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When attorney Eugene D'Ablemont turned 70, the New York law firm where he had worked for four decades stripped him of his financial stake under a policy designed to encourage older partners to retire.
Most of the nation's big law firms have similar policies, which they say are necessary to make room for younger partners to advance. They also worry, as competition in the industry intensifies, that older partners may be less productive than younger ones.
In many cases, these mandatory-retirement rules have stood for decades without being challenged. That's beginning to change, however, as Mr. D'Ablemont and others like him begin to push back, heating up a debate over how law firms should handle a fast-growing population of aging lawyers who want to keep working.
In January the U.S. Equal Employment Opportunity Commission sued Kelley Drye & Warren on Mr. D'Ablemont's behalf, accusing the law firm of violating age-discrimination laws. Three years ago, the EEOC settled a similar suit against Sidley Austin, which agreed to pay $27.5 million to 32 ex-partners, many of whom the agency claims were demoted because of their age.
A Sidley Austin spokeswoman declined to comment.
The settlement didn't resolve the larger issue of whether law partners are protected by federal age-discrimination laws. So lawyers and law firms are looking to the Kelley Drye lawsuit, which is still in its early stages, to clarify whether age-based retirement policies are lawful. Kelley Drye relaxed its policy soon after the suit was filed.
"Not only was the [Kelley Drye] policy wrong, but it was bad business," says Mr. D'Ablemont, who is now 79.
Mr. D'Ablemont currently practices at the firm as a "life partner," receiving a pension and an annual bonus that has ranged from $25,000 to $75,000. He says the bonus amounts to between one-seventh and 1/20 of what he estimates he would have earned if he were still an equity partner.
The EEOC lawsuit alleges that bonuses the firm has awarded life partners were significantly less than the compensation paid to younger attorneys with similar client lists, billings and other measures of productivity. Kelley Drye denies that allegation, adding, among other things, that Mr. D'Ablemont's billable hours in the past five years were on average one-seventh to 1/10 of what he billed earlier in his career.
The firm also alleges—and Mr. D'Ablemont denies—that "for certain of the clients he now purports to claim credit for, he does little, if anything" beyond "preparing and sending them a bill."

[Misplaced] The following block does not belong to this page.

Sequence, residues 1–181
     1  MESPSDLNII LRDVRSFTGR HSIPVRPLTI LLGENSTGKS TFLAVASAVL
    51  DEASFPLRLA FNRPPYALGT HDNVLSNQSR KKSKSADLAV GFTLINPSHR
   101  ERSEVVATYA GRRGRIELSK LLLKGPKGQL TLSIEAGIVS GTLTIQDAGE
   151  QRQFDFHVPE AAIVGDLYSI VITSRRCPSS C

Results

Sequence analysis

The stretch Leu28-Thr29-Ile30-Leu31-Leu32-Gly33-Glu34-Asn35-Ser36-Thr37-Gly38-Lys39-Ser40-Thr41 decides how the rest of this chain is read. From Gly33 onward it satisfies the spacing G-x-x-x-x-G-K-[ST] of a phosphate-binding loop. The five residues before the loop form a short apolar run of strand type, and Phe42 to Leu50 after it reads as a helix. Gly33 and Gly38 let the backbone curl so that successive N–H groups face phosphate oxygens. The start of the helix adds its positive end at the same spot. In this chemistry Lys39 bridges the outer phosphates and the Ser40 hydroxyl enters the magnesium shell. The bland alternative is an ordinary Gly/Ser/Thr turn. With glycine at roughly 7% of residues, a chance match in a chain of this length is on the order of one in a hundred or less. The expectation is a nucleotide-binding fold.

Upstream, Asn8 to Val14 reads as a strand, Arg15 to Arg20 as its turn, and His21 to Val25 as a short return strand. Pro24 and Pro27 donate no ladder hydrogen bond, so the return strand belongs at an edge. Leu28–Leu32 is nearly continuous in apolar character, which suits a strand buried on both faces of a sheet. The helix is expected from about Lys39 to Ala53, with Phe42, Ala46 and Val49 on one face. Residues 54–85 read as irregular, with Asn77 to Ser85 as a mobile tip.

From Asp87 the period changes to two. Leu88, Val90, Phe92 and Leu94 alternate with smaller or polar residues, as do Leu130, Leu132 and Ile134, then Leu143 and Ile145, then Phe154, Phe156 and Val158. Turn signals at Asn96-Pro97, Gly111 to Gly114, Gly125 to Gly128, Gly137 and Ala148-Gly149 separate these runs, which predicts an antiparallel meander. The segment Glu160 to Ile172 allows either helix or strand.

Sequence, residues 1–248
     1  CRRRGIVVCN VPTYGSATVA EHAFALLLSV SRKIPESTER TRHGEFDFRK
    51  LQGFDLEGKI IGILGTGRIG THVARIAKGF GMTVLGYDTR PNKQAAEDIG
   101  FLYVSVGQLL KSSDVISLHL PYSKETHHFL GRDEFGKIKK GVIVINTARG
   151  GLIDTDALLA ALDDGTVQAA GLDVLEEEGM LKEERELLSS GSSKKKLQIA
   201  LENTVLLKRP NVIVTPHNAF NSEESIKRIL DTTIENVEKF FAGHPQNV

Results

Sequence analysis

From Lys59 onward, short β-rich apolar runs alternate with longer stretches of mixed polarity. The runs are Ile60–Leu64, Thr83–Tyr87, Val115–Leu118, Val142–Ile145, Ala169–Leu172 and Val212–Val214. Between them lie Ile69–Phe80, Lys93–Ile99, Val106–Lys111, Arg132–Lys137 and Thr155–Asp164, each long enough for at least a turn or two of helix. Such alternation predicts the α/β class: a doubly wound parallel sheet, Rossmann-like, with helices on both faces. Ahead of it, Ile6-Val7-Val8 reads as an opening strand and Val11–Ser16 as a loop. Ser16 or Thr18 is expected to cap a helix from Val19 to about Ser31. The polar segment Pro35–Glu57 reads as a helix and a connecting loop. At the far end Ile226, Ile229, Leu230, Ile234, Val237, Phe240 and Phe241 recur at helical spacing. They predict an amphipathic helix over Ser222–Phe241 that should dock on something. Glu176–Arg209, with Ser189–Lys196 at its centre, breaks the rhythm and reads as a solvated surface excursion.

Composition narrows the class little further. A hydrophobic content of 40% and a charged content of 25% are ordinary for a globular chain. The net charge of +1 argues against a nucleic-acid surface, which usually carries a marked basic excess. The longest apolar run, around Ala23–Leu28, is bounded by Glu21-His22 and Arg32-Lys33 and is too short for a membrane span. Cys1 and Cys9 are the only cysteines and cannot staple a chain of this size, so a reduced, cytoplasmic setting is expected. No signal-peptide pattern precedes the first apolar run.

Kelley Drye argues in court filings that Mr. D'Ablemont isn't covered by age-discrimination laws because, as an equity partner, he wasn't an "employee," but rather an "employer." It cites his access to the firm's financial and other confidential information and role in supervising lawyers and staff.
Many law firms have chosen to retain age limits on partnerships because it can be awkward and complicated to determine whether an aging lawyer is sufficiently productive to remain a full partner. Among U.S. firms with more than 100 lawyers, 58% had a mandatory-retirement policy, according to a 2007 survey by ALM Legal Intelligence, a unit of legal publisher ALM.
"Retaining talented young lawyers can be more difficult if those lawyers have lots of people above them," says P. Arley Harrel, of the Seattle office of Williams Kastner, explaining why some firms keep forced-retirement rules. A few months ago, Williams Kastner began taking steps toward eliminating its mandatory-retirement age.
Other law firms—including Pillsbury Winthrop Shaw Pittman and K&L Gates—also have chosen to drop or amend their mandatory retirement policies over the past few years in favor of a more flexible case-by-case approach.
Kelley Drye has started giving equity partners the option of retaining their status past the age of 70. The law firm decided the previous policy "was no longer in the interest of our business," says James J. Kirk, 55, a managing partner, who adds that the firm had discussed eliminating the forced-retirement rule for "quite a while." He declined to comment on the lawsuit.
Mr. D'Ablemont is awaiting the outcome of the suit after refusing his firm's offer to restore his partnership status. He says the firm couldn't guarantee him he would get back his equity stake.
Some partners facing forced retirement at their law firms are finding work elsewhere. Joel H. Goldberg, who had to leave the New York firm Willkie Farr & Gallagher LLP in February after reaching its mandatory retirement age of 65, joined rival firm Stroock & Stroock & Lavan as a partner in March. "I still enjoyed what I was doing, and could still do it well," he says. Wilkie Farr declined to comment.
With the economy weak and a growing slice of the population nearing 65, the age at which many law firms force partners to step down, the retirement issue is expected to begin cropping up more frequently.
"As baby boomers hit the retirement age, there will have to be some accommodation [for them]," says 65-year-old James W. Hunt. The Los Angeles attorney left Mendes & Mount with five other partners in May to launch a new firm after failing to persuade his old firm to amend its mandatory-retirement policy. Mendes & Mount didn't reply to messages seeking comment.
A third of California's 169,178 active attorneys are older than 55, and 21% are older than 60, according to the State Bar of California.
"Sixty-five is the new 55," says Mr. Hunt, "and there's no doubt that I intend to continue working."